Russia Losing Ground in Ukraine as Putin's Troops Forced to Mount Defense

Russia reportedly lost more ground in Ukraine on Wednesday while failing to make any "significant advances" in its ongoing offensive in the country, according to a U.S. think tank.

The Institute for the Study of War (ISW), which focuses on research and analysis regarding defense and foreign affairs, and provides daily updates on the war in Ukraine, said in its May 11 assessment that Ukrainian forces took further ground northeast of Kharkiv.

"The Ukrainian counteroffensive north of Kharkiv City has forced Russian troops onto the defensive and necessitated reinforcement and replenishment efforts intended to prevent further Ukrainian advances towards the Russian border," the ISW said.

"Russian efforts along the Southern Axis and in Donetsk and Luhansk Oblasts remain similarly stalled, and Russian forces have not made any significant gains in the face of continued successful Ukrainian defenses."

Russia Reportedly Losing Ground
Russia reportedly lost more ground in Ukraine on Wednesday while failing to make any "significant advances" in its ongoing offensive in the country, according to a U.S. think tank. Above, Ukrainian servicemen ride on an armored personnel carrier on a road near Petrivske village, in Kharkiv region, amid the Russian invasion of Ukraine, on May 9, 2022. AFP via Getty Images/Anatolii Stepanov

The Russian offensive in Ukraine is currently concentrated in the eastern Donbas region, but recent reports from the ISW indicate that Russian President Vladimir Putin's troops have faced several consecutive days of either ground losses or little to no progress in gaining ground.

An ISW map with terrain control assessments shows that Russia still holds a stretch of land in the east of Ukraine as of May 11, particularly in the self-declared pro-Russia separatist states, but the Ukrainian counteroffensive is chipping away at some areas along the edge of the Russian-held territory.

Newsweek reached out to Russia's Defense Ministry seeking confirmation of the May 11 ISW report. The Twitter account for the Russian Defense Ministry has not posted a briefing on the war since April 26, and Newsweek was not immediately able to access the ministry's website to view any potential updates that were issued more recently.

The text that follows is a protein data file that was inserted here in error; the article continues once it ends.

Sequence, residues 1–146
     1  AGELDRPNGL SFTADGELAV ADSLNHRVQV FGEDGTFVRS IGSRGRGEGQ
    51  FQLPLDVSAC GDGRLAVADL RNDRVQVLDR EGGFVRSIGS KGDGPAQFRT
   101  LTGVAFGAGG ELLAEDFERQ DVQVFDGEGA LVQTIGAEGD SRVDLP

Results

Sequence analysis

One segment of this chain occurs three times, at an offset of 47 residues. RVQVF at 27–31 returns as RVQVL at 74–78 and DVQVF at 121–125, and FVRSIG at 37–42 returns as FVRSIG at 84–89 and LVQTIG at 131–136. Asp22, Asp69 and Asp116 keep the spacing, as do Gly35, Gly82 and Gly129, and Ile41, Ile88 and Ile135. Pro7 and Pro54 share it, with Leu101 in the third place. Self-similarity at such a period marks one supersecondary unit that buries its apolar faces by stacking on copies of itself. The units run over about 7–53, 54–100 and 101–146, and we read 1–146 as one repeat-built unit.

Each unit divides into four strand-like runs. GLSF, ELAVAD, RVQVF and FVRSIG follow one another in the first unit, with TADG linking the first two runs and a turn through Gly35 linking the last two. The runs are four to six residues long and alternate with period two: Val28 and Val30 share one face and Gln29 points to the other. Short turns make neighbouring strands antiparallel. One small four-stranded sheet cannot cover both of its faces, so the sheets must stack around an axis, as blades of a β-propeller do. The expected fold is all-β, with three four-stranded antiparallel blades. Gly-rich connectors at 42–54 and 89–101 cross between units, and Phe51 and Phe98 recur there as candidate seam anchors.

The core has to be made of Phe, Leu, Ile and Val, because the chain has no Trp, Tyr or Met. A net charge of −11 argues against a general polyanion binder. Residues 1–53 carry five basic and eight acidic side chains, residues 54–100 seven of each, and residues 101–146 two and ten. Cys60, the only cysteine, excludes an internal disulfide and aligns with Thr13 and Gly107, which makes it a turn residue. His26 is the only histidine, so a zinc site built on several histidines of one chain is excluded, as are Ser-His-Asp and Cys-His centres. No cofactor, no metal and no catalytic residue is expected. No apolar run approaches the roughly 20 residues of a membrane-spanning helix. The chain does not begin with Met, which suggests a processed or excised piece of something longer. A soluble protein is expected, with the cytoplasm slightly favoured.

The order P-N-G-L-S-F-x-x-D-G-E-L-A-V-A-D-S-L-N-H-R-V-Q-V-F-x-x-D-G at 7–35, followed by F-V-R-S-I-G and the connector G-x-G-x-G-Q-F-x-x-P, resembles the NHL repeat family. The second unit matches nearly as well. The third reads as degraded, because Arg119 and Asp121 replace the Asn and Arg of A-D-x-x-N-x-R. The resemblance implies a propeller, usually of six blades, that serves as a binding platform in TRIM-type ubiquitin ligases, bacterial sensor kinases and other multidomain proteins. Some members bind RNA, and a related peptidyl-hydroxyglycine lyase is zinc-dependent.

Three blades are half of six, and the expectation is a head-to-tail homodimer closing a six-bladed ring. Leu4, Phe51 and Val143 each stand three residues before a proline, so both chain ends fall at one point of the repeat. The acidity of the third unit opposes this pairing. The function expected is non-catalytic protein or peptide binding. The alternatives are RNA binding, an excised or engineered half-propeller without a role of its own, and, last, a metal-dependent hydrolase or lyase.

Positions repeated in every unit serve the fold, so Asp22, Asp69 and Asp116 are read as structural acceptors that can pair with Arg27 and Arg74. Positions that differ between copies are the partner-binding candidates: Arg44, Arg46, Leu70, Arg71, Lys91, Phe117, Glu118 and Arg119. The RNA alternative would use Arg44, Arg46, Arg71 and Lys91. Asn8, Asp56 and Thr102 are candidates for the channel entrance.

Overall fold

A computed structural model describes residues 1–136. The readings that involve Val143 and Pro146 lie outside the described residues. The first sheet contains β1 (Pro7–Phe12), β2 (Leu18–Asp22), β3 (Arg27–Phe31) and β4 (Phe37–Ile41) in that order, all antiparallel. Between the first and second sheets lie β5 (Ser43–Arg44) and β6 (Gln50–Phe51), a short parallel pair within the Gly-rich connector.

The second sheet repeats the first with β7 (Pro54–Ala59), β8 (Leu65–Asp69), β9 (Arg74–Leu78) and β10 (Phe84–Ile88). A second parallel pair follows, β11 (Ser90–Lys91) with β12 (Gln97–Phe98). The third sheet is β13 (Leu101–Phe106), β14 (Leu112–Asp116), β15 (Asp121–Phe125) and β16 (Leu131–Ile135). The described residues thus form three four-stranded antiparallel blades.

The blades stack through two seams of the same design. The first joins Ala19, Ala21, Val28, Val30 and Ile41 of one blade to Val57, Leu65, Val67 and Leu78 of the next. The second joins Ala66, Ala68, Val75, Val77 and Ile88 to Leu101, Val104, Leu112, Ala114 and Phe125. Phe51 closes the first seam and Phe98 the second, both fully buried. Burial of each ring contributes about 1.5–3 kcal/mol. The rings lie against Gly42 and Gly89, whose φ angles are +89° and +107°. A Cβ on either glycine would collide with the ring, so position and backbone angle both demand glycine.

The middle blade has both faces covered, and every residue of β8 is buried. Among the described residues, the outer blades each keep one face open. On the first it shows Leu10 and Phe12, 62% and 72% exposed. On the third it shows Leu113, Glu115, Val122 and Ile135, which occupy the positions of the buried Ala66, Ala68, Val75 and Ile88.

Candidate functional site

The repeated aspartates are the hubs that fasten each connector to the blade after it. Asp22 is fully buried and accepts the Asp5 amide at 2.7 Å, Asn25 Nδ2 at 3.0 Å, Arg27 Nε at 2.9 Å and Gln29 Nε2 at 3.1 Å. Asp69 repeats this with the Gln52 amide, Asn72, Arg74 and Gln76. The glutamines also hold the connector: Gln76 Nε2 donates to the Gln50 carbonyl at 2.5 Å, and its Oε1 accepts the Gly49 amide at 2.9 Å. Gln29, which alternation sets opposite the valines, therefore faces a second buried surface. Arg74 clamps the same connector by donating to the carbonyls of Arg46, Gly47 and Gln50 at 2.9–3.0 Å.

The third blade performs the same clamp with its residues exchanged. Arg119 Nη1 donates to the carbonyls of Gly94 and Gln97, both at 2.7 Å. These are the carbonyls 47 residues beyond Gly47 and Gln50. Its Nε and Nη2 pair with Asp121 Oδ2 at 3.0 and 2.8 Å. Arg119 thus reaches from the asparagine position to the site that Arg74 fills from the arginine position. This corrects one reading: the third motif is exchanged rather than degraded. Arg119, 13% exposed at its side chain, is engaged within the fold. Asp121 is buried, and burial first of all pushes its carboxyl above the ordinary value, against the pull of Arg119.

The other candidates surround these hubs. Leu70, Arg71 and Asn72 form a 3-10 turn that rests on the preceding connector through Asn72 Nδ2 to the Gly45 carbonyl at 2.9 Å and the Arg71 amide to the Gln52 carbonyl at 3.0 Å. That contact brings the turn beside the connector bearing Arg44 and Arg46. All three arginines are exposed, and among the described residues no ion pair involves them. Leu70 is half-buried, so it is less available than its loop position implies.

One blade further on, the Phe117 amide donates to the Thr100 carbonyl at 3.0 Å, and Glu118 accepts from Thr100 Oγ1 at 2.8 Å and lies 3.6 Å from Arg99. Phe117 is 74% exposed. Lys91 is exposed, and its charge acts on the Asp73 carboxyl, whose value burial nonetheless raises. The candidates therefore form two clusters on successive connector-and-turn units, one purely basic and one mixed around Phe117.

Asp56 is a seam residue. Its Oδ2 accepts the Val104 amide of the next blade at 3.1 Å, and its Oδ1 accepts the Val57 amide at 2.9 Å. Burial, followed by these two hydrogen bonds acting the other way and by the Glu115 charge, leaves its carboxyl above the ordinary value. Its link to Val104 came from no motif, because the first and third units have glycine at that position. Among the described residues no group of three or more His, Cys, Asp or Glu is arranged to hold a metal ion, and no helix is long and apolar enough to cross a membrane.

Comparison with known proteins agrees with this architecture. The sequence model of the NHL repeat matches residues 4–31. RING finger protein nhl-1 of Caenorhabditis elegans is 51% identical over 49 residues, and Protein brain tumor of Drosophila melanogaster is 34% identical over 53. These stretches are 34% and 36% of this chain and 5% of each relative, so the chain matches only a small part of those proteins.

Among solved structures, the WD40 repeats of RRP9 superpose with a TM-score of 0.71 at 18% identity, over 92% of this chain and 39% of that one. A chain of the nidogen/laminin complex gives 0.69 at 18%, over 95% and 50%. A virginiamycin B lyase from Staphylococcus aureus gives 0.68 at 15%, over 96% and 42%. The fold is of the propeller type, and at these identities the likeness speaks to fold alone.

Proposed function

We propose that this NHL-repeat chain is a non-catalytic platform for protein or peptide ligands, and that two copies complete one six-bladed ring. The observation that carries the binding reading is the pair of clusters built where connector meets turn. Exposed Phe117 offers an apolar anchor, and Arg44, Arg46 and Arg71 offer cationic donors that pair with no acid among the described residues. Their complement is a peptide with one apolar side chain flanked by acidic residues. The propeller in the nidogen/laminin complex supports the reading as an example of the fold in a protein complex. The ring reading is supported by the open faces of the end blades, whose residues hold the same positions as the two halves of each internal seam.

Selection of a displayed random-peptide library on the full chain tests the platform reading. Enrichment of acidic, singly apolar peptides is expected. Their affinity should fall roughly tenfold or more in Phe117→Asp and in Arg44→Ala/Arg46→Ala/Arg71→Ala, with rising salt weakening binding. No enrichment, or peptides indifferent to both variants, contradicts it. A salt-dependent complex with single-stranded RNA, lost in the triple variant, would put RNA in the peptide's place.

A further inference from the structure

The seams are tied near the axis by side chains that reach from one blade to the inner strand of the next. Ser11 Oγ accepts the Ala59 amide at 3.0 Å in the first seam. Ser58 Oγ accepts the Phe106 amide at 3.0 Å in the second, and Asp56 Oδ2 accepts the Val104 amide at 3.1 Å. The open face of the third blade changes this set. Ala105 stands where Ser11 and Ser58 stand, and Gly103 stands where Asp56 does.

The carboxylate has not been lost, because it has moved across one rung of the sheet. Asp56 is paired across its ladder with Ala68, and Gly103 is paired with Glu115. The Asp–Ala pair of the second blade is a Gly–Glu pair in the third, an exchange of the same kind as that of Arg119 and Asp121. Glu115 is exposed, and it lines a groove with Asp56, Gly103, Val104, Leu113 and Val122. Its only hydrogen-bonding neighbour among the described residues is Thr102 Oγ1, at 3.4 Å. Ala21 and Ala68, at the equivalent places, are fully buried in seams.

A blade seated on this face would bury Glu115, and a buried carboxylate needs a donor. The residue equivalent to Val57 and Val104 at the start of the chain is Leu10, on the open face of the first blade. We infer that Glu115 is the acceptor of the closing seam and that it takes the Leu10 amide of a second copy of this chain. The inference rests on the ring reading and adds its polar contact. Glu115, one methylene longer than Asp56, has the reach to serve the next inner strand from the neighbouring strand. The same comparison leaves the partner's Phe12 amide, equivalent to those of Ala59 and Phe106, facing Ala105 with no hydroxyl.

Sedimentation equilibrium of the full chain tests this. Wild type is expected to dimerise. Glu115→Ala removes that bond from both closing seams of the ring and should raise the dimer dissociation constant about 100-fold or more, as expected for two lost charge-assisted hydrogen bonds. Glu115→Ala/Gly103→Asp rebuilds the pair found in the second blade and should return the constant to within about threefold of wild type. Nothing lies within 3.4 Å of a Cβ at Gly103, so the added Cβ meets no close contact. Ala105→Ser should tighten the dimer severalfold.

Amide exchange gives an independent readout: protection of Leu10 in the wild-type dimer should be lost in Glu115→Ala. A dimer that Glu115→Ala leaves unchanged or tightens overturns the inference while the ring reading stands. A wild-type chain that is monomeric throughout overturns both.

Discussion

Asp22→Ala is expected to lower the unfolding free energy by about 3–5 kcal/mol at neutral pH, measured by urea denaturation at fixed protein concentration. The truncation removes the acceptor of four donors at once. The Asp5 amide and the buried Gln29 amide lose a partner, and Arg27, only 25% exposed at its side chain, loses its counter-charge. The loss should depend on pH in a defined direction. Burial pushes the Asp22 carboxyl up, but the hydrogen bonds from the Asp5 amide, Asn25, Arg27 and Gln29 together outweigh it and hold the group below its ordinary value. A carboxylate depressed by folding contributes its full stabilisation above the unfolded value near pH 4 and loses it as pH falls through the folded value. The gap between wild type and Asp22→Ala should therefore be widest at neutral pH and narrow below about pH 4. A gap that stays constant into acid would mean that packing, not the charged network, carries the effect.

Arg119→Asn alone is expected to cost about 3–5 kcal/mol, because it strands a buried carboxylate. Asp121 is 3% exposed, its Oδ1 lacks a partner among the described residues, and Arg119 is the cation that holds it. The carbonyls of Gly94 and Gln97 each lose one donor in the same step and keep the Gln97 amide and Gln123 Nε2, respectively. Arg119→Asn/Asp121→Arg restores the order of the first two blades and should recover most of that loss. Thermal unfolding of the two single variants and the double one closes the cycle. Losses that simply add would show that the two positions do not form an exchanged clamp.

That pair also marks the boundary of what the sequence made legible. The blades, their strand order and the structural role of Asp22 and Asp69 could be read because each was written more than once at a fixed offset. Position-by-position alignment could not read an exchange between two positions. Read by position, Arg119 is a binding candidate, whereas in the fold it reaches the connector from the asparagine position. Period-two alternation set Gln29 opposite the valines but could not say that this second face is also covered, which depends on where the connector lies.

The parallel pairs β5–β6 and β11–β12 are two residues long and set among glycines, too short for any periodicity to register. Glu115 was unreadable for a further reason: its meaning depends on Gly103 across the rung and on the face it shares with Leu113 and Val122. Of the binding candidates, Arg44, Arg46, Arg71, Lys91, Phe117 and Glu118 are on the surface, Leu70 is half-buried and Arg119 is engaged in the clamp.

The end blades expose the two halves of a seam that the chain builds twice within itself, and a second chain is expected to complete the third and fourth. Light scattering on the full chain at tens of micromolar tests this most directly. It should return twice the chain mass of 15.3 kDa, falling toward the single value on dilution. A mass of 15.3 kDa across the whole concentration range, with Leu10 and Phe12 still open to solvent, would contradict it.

The May 11 ISW report noted that additional key takeaways for the conflict included efforts from Russian forces to consolidate their positions in the western Kherson region and push into the Mykolaiv region. It also said that there were continued attempts by Russia to encircle Ukrainian positions in the Severodonetsk-Rubizhne-Lysychansk area, even though no Russian advances in the initiative were confirmed.

The reported progress for the Ukrainian counteroffensive on Wednesday followed several days of similar assessments. The ISW said on May 10 that the Ukrainian forces north of the city of Kharkiv continued to successfully push Russian forces back toward the Russian border, and it said on May 9 that Russian troops continued to "display low morale and poor discipline as fighting in many areas has stalled out against Ukrainian resistance."

Ukrainian President Volodymyr Zelensky also said during a video address Tuesday evening that his troops made progress in pushing Russian troops from several villages near Kharkiv but warned his people against spreading "excessive emotions" and expecting weekly or daily victories, according to the Independent.

Still, Lieutenant General Scott Berrier, the director of the U.S. Defense Intelligence Agency, said Wednesday that Russia and Ukraine appeared to be locked in a stalemate. He added that he believes if Russia doesn't officially declare war on Ukraine and mobilize, the stalemate will last for a while and he doesn't anticipate either side decisively breaking out.

Experts—including Yuri Zhukov, an associate professor at the University of Michigan, and Michael Kimmage, a history professor at The Catholic University of America and former member of the secretary's policy planning staff at the State Department—have said that Putin could be granted unprecedented powers over Russia if he officially declared war.

Newsweek reached out to the defense ministries of Russia and Ukraine for comment.

Update 5/12/22, 11:45 a.m. ET: This story was updated with additional information and background.